6. Christine

    Nut and Saddle Sanding Carriage

    If you fitted a couple of nuts a week it would be a worthwhile investment but I’m in the same boat as @honza992 a piece of MDF with a rebate does me fine for the few times I need one. I’ve looked at them on the StrwMac site and thought it would be dead easy to make one out of derlin or MDF and some skateboard bearings anything from America is just silly money with VAT and import duty on top of shipping
  7. Christine

    Real or epiphone?

    A bit late, yes it is a real one, another couple of ways to tell are the pick guard screws, one lines up closely with the righthand line of the birds tail on the Gibson, the Epiphone one is off by about 10mm. If you look for tell tail fingerprints through the lacquer at the wing/body join, the Gibson has a vee joint and the Epiphone is a straight butt joint. The wings join the body at the 15th fret on the Gibson, on the Epi it joins at 16. That neck break looks like an unrepaired crack to me, typical of the Gibson, it's a poor design that should have been rectified, I do like Gibsons but that one needs addressing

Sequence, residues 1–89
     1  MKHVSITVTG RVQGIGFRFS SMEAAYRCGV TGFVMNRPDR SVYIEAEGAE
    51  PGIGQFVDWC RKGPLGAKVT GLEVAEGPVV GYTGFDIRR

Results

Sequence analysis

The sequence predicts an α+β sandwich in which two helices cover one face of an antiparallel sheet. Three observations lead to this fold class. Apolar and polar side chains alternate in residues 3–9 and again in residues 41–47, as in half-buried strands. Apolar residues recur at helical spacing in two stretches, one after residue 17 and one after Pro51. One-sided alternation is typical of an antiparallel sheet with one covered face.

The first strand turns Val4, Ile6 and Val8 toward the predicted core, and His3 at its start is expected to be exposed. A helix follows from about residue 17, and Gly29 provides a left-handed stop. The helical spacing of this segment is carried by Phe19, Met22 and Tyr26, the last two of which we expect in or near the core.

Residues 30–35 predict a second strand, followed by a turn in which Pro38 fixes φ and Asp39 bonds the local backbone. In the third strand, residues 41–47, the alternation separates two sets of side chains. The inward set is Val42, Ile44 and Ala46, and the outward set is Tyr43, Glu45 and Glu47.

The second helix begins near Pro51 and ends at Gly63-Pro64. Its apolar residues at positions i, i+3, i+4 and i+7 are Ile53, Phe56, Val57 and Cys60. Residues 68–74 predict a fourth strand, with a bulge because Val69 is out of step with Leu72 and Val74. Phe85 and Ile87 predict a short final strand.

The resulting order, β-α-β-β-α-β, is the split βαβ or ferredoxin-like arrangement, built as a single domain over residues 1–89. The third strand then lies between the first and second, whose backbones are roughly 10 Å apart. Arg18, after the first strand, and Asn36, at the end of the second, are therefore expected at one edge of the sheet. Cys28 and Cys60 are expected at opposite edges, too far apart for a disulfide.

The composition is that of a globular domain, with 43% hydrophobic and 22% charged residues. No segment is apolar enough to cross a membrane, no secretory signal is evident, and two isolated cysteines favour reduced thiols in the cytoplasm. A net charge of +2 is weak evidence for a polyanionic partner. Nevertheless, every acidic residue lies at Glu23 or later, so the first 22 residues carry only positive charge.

8. Christine

    Kit Built Basses

    I have one of these necks, just had a good look at it. 62mm at the heel exactly as per Fender. Frets nicely seated and the ends dressed smooth but they obviously haven't been levelled and re crowned as you would expect at the price but there doesn't seem to be any issue in playability. Truss rod adjustment is at the heel so the neck needs to come out to be adjusted, there is a Walnut plug at the headstock to create a faux adjustment hole. Mine is 2 years old or so and still straight so the general quality seems fine on this one at least.